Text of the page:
Feb 1 2011

Review from SDGLN.com

I forgot to post this during Palm Springs… a lovely little write up in the San Diego Gay and Lesbian News.  If you haven’t seen the film, beware: SPOILER ALERT!

These days, dancing is all the rage. "Dancing with the Stars" and "So You Think You Can Dance?" are among television’s highest rated shows, bringing some of the world’s top performers into our living rooms. But where are the same-sex couples on these shows?

Anyone who thinks that all (or even the majority) of the dancers (not to mention the choreographers and judges) on these shows are straight is deluded. The dance world is notoriously gay, but for some reason the television community likes to pretend it’s not.

Enter "Leading Ladies" (USA, directed by Daniel Beahm and Erika Randall Beahm), a delightfully fluffy film about two very different sisters, their stage mom from hell, and their gay best friend.

Older sister Toni (Laurel Veil) is the classic tomboy wallflower, working double-shifts at the local pizzeria. Younger sister Tasi (Shannon Lea Smith) is the bell of the ball, an engaging but neurotic competition dancer who can’t seem to fit into new her fuchsia sequined gown. Both girls, it seems, are keeping a secret: dancer Tasi is pregnant with twins, and tomboy Toni is a lesbian.

The young sisters’ lives are dominated by their overbearing mother, former dancing queen turned stage mom from hell Sheri (real-life ballroom diva Melanie LePatin). Sheri, who could easily give Mama Rose a run for her money, is perennially focused on molding perky, younger daughter Tasi into a champion performer.

Tasi’s wickedly gay dance partner Cedric (swing-dance superstar Benji Schwimmer) wages an ongoing and vociferous battle against Shari’s control. Toni, meanwhile, serves as peacemaker, stand-in dance partner, and family breadwinner.

The story takes flight when Cedric drags spinster-in-the-making Toni to the local LGBT swing dance club. (If only there really were gay bars like this.) Toni, ill-dressed for the occasion but still fetching, is stumbled upon, literally, by energetic swing neophyte Mona (Nicole Dionne). What Mona lacks in dance knowledge, she makes up for in sultry perkiness. (Is that a real thing: “sultry perkiness”?) Toni succumbs to Mona’s charms, and for the first time in her life she both looks and is happy.

Unfortunately, not all is well in the family. Complications ensue when Toni is unwilling to come out, and when Tasi’s buns in the oven begin to noticeably rise. Eventually, with Tasi sidelined, Toni is enlisted for the upcoming dance competition. Surprisingly, she agrees, but only if she can choose her own dance partner—Mona, of course. Shari is not thrilled by this, and neither are the judges at the dance competition, but everything works out in the end.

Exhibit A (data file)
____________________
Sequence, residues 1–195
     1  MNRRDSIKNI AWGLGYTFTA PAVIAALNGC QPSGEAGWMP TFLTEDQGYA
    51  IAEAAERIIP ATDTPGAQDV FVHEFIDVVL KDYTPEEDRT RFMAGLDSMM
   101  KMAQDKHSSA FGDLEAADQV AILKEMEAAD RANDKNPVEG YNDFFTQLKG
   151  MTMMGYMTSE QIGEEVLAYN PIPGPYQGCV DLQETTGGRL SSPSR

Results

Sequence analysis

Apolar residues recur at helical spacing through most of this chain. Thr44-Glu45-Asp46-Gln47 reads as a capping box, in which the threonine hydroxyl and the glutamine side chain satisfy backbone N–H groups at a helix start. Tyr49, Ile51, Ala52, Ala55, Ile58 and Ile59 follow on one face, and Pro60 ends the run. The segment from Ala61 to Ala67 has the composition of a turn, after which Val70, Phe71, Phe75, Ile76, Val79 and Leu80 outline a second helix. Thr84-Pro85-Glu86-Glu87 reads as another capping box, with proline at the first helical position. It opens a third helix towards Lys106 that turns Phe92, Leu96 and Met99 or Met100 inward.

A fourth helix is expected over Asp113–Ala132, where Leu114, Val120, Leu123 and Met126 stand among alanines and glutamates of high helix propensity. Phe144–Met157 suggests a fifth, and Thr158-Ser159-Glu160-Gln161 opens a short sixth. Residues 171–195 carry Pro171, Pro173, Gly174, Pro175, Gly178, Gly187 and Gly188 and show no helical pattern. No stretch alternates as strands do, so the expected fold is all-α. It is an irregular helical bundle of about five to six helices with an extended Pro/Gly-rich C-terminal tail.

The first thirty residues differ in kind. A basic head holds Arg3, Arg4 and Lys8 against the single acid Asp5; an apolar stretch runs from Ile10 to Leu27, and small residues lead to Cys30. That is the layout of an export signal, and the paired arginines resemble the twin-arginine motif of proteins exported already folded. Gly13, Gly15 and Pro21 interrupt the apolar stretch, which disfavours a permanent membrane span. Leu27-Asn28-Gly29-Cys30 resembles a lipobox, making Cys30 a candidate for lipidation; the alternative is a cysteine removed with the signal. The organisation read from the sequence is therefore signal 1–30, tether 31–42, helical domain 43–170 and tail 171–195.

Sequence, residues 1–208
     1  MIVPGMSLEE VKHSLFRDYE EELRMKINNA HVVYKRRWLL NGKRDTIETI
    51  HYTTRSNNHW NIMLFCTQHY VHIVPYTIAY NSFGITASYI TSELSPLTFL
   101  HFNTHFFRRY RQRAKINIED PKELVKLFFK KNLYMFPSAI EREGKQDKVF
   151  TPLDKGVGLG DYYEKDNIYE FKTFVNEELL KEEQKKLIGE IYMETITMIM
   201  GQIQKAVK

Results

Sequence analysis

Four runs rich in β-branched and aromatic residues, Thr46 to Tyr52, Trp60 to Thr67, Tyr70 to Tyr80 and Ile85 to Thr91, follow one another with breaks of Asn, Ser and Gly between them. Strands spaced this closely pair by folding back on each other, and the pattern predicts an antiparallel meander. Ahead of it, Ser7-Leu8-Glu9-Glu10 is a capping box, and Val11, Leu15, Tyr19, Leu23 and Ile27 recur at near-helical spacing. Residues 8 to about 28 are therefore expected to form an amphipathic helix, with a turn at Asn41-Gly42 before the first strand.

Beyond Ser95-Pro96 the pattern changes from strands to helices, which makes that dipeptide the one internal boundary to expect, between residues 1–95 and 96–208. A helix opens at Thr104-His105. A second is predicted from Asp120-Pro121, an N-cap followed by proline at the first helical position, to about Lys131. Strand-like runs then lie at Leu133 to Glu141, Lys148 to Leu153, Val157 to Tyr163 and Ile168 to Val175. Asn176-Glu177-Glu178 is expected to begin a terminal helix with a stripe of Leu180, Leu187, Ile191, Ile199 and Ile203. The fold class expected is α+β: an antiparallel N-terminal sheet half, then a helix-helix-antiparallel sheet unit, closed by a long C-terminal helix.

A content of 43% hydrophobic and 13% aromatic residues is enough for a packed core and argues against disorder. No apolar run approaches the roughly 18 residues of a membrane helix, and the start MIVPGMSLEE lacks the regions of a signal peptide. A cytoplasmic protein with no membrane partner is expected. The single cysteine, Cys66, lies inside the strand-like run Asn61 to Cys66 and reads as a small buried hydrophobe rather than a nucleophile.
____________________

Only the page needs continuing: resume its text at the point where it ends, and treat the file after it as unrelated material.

The film’s dual love-story/dancing plot is engaging, the characters are likable, and the script is reasonably witty—even if the lines are not always delivered with the sparkle they deserve. The movie’s main appeal, however, is the dancing. Cedric, played by US and World Champion swing dancer Benji Schwimmer, is worth the price of admission all by himself. His same-sex West Coast Swing routine in the local gay dance club is jaw-dropping. But the terrific choreography doesn’t stop there. Early on, Toni and Tasi brush their teeth in a cleverly conceived, wonderfully shot bathroom pas de deux, and rehearsal scenes are also enjoyable.

Most of the dance numbers occur in naturalistic settings with the dancing linked to the story and milieu. The lone exception to this, and the film’s dance highlight, is a full-blown Broadway caliber showstopper in the local grocery store.

After Sheri has exiled herself to the bedroom, no longer cooking for her daughters, Mona and Cedric lead the supermarket virgin sisters on a food buying spree. The imaginative song-and-dance piece centers around Tasi’s insecurity about her burgeoning belly. She complains that everyone wants a piece of her while high-kicking shoppers and store employees grope her tumescent tummy. It’s wonderfully fun.

In one sense, "Leading Ladies" is an old-fashioned dance-musical, complete with family strife, a comedic foil, and a love story that overcomes seemingly insurmountable obstacles. In another sense, it’s a retelling of the standard ugly duckling/beautiful swan transformation tale.

In yet another sense, it’s a relatively straightforward lesbian coming out film. In the end, though, Leading Ladies is a lighthearted, well-intentioned, enjoyable film that will appeal to not only lesbians but gay men, and, perhaps more importantly, to mainstream filmgoers.